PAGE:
Genetics

A taxidermied Cumulina holds a block of toy cheese.

The Mouse That Squeaked Its Way Into Scientific History

Forget Dolly the Sheep. The birth of a mouse named Cumulina 25 years ago launched a genetic revolution

Scientists are turning scientific date, like DNA sequences, into sound.

Why Scientists Are Turning Molecules Into Music

Converting DNA sequences and particle vibrations into notes allows researchers to recognize unseen patterns and create songs for outreach

Researchers surveyed the owners of 18,385 dogs and sequenced the DNA of 2,155 dogs for a new study analyzing dog behavior and breed. 

 

Dog Breed Doesn't Affect Behavior, According to New Genetic Research

Personality is shaped by a combination of factors, including a pup’s environment

Biotech firm Oxitec is genetically modifying mosquitoes in the hopes of curbing the overall population. The company completed its first open-air release of the bugs in Florida.

Innovation for Good

First U.S. Open-Air Test of Genetically Modified Mosquitoes Deemed a Success

Biotech firm Oxitec engineered the bugs in an effort to curb their numbers and help stop the spread of disease

Filling in genome gaps could help scientists better the genetic basis for certain diseases and lead to new medical discoveries.

Good News

Scientists Have Finally Sequenced a 'Gapless' Human Genome

Scientists have deciphered the missing eight percent of our genetic blueprint, setting the stage for new discoveries in human evolution and disease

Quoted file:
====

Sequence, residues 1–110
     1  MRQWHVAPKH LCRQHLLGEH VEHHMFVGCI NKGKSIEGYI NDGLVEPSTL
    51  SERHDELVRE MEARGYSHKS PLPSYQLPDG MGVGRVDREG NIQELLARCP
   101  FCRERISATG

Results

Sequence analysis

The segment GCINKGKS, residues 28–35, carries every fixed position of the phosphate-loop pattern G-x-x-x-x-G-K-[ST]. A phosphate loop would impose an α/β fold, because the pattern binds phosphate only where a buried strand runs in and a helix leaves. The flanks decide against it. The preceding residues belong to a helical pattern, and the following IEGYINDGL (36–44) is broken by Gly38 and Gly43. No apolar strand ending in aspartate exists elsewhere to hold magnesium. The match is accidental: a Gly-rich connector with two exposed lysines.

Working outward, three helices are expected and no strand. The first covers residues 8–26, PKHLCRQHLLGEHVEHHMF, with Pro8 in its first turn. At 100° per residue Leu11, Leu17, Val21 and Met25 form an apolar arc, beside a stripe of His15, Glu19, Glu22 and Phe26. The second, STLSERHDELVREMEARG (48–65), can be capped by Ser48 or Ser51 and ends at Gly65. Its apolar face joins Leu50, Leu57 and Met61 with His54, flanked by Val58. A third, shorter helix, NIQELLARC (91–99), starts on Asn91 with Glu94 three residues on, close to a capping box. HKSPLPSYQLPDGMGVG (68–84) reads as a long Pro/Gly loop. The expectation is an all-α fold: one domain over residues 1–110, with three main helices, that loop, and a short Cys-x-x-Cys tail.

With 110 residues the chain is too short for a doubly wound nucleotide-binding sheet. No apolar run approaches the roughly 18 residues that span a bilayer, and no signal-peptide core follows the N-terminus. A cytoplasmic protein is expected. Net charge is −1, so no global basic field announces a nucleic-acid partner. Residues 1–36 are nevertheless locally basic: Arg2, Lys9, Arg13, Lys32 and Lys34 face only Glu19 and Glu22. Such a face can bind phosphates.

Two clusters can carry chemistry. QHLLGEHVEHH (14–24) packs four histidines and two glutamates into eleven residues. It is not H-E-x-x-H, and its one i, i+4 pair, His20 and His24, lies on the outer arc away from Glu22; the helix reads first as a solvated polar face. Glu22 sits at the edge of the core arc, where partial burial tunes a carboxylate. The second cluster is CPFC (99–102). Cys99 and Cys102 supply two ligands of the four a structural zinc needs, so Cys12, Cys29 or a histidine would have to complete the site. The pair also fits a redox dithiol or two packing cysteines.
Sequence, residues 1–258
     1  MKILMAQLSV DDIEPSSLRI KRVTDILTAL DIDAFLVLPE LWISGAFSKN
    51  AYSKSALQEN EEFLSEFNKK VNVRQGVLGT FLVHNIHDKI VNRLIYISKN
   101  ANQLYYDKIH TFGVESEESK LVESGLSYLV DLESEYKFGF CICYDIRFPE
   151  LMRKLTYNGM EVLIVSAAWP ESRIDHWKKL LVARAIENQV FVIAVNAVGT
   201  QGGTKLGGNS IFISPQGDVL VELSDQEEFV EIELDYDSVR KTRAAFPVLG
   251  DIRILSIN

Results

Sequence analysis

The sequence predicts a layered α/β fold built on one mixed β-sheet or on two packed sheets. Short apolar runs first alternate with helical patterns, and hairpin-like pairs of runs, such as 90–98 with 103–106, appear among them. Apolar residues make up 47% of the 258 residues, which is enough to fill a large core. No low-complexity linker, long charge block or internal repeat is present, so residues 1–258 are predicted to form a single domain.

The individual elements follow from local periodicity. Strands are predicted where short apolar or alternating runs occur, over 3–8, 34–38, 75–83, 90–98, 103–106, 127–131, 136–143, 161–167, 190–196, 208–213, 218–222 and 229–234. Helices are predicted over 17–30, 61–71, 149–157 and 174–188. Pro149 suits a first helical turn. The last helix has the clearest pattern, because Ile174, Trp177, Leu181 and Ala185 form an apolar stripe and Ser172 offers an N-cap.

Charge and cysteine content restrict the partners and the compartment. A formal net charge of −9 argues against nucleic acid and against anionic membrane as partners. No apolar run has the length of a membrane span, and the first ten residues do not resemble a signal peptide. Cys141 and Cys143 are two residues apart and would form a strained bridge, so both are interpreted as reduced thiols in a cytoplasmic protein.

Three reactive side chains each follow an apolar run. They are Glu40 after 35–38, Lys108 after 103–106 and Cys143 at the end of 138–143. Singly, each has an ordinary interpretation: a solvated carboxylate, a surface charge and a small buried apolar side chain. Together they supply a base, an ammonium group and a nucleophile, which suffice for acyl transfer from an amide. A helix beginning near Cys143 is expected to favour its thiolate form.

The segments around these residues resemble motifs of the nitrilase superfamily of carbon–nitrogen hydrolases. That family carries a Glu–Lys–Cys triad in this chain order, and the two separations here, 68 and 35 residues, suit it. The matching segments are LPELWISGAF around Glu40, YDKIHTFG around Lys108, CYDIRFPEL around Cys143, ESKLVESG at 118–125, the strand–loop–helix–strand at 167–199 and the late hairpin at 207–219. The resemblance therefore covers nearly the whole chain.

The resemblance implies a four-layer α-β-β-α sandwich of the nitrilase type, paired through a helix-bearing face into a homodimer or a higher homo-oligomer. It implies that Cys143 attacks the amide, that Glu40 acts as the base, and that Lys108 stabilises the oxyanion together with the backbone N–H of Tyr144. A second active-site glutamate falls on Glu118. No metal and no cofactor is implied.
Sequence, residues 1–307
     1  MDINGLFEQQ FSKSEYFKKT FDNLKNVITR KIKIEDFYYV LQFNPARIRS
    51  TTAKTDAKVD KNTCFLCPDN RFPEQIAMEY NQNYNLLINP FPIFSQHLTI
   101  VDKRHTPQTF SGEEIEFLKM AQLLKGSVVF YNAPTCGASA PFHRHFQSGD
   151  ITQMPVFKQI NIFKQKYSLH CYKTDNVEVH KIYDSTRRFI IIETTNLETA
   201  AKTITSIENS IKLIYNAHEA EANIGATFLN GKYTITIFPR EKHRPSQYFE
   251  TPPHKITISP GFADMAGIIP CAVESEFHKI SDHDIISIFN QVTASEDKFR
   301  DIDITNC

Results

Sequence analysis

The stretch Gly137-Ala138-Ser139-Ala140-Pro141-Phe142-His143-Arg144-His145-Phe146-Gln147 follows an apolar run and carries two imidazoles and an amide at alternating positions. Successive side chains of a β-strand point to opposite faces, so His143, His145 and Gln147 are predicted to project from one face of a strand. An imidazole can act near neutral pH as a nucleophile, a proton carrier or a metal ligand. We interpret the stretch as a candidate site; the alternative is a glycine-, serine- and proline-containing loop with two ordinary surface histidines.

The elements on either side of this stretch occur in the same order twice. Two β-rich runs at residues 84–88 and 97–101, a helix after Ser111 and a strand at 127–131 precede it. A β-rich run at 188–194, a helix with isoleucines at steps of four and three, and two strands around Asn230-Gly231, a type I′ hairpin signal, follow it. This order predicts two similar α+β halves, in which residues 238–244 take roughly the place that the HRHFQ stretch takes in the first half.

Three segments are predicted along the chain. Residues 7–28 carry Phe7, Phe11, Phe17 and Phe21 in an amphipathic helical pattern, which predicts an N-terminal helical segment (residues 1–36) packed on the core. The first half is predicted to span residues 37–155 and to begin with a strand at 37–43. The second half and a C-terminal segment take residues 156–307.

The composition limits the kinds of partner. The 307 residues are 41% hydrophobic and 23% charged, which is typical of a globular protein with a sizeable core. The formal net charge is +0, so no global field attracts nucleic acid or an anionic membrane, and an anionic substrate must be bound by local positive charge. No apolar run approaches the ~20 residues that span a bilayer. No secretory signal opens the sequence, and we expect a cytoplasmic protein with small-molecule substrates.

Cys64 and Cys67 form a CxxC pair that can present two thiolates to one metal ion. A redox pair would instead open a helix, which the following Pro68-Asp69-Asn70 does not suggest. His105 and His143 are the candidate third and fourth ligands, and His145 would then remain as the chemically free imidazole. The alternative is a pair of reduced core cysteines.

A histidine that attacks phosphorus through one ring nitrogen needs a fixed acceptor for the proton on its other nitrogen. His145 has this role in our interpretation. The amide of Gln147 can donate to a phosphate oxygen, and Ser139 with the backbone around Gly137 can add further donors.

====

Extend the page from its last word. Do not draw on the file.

After analyzing the DNA of 50 domestic cats, researchers identified regions along the two genes that code for Fel d 1 that the team could cut and edit with CRISPR.

Researchers Are Closer to Creating Hypoallergenic Cats Using CRISPR Technology

The allergen-causing protein Fel d 1 was removed from feline cells using the gene-editing tool

Aedes aegypti can carry several diseases, including yellow fever, dengue and Zika virus. 

Why a U.S. Company Plans to Release 2.4 Billion Genetically Modified Mosquitoes

The insects, created by biotech firm Oxitec, will be non-biting males engineered to only produce viable male offspring, per the company

Dried cochineal insects — shown here in the center of the photo — can be processed to create several natural dyes such as carmine and cochineal extract. These products get their red hue from carminic acid, a chemical found within the insect.

Scientists Are Making Cochineal, a Red Dye From Bugs, in the Lab

Used to color foods and cosmetics, carminic acid is traditionally 'farmed' from an insect. But researchers are moving to engineer it in microbes

Using human genomes, researchers have developed a massive family tree identifying nearly 27 million ancestors dating back more than 100,000 years ago. 

New Research

Largest Human Family Tree Identifies Nearly 27 Million Ancestors

Researchers create massive genealogical network dating back 100,000 years

The parthenogenetic mouse and the offspring

Mice Birthed From Unfertilized Eggs for the First Time